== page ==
In the 1970s, when we adopted the policy, the US wanted the Chinese to stop interfering in Vietnam, while China – far weaker then than it is now – wanted help with the USSR, with which it had fought in the Sino-Soviet border conflict in the 1960s. So you see how the policy worked for both parties.

Now, China is getting stronger and more assertive in its region, and over the past few years, it has done everything it can to push Taiwan off the global stage without actually firing a shot. For China, that means boxing the country out diplomatically – doing sweet deals with Taiwan’s trading partners and pressuring countries not to help it militarily.

From the Asia defence analyst Phillip Orchard over at Geopolitical Futures(emphasis ours):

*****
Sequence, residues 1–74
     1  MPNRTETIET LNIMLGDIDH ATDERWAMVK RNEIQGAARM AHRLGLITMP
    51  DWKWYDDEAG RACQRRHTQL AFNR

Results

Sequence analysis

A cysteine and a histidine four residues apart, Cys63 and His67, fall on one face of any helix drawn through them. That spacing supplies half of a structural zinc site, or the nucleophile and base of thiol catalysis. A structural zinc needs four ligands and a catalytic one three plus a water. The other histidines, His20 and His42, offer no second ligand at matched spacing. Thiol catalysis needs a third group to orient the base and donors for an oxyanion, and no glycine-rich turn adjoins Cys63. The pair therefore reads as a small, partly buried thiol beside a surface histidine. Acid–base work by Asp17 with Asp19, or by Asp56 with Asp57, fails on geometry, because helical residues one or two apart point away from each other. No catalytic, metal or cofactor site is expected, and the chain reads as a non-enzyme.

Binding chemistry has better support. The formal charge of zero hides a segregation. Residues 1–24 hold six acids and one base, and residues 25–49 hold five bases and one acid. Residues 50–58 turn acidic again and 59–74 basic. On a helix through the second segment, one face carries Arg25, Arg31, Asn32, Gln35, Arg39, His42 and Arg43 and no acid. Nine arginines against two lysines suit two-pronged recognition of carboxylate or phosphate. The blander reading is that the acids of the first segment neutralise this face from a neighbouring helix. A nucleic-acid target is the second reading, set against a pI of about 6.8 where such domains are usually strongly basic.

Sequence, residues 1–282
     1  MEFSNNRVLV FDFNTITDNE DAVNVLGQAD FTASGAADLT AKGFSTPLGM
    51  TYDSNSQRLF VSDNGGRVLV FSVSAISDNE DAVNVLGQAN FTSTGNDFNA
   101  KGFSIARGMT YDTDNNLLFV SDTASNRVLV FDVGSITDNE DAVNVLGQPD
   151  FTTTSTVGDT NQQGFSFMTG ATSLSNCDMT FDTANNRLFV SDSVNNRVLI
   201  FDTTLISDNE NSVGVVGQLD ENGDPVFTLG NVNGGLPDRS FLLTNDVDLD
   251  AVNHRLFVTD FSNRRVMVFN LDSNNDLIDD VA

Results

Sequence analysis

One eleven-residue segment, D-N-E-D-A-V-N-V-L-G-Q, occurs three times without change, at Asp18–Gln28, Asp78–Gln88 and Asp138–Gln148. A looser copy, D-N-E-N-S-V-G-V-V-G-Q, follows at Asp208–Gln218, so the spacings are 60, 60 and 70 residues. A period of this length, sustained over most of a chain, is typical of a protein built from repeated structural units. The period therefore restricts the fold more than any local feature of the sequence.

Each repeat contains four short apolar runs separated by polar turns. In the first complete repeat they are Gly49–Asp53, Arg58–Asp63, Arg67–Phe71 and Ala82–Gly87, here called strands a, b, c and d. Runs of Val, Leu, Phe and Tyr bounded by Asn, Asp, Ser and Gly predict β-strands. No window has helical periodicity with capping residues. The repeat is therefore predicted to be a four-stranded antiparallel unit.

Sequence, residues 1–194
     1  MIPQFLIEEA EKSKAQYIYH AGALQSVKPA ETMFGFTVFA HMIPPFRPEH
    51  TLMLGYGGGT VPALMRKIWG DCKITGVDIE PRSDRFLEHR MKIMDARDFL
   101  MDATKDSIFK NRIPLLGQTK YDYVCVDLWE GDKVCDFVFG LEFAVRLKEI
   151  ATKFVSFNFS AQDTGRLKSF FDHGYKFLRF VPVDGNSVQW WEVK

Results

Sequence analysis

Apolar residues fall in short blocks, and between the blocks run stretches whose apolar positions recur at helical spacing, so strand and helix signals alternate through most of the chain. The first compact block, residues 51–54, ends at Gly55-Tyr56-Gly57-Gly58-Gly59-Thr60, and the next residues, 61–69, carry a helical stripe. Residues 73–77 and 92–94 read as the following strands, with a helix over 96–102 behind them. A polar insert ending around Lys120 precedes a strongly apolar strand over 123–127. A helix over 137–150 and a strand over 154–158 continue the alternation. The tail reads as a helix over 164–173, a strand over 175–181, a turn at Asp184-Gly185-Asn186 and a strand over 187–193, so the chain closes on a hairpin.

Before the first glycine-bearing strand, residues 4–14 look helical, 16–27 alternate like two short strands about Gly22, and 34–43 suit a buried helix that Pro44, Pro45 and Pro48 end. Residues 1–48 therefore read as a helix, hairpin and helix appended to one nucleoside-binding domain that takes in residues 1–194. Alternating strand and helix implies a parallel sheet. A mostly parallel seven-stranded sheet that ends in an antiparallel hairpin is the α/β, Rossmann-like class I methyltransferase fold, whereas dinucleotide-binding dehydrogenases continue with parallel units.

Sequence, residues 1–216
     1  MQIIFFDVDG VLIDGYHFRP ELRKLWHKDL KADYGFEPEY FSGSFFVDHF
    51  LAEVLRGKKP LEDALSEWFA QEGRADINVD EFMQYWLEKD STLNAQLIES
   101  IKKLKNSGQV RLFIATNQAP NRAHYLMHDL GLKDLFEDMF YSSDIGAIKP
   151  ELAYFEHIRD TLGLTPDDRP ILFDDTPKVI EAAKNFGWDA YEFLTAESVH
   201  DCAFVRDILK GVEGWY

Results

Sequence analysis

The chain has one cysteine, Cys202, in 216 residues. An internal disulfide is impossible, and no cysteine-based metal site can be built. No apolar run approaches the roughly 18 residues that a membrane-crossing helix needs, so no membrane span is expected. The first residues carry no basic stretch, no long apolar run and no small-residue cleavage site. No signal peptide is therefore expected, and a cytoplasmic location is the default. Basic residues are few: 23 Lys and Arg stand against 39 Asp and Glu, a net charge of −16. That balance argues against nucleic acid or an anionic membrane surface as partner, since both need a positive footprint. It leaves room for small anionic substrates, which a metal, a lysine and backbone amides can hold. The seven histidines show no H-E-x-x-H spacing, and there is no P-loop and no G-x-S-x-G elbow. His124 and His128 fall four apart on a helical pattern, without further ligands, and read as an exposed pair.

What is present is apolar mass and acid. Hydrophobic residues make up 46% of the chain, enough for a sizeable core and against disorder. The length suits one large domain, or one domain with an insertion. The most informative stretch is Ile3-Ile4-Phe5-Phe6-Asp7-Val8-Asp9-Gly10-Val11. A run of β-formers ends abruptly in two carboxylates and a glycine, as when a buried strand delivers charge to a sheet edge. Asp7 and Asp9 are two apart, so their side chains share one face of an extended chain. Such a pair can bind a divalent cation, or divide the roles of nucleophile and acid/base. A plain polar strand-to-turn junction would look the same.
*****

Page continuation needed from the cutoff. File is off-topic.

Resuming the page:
“Reunification is Beijing’s utmost strategic and political priority. This view is, in part, motivated by domestic concerns. Under Xi, China is putting the finishing touches on its reintegration of Hong Kong and Macau, the two other physical reminders of China’s century of humiliation and foreign subjugation.

“Taiwan is a perpetual scar on the Communist Party’s narratives about the communist victory in the Chinese civil war, and the party routinely nurtures grievances about foreign meddling in Taipei to curry nationalist support for its right to rule.

“This view is also strategic. So long as the US can pair its superior naval and aerial capabilities with bases and allied support along what’s known as the first island chain – Japan, Taiwan, the Philippines and Indonesia – it poses a threat to block sea lanes that are critical to China’s export-dependent economy. And more than any other island in this chain, Taiwan could be used by a foreign power to threaten the Chinese mainland itself. Retaking Taiwan would blow a massive hole in the US containment strategy – and put China in a more enviable position to threaten Japan.

“For Beijing, therefore, reunification is a matter of when, not if.”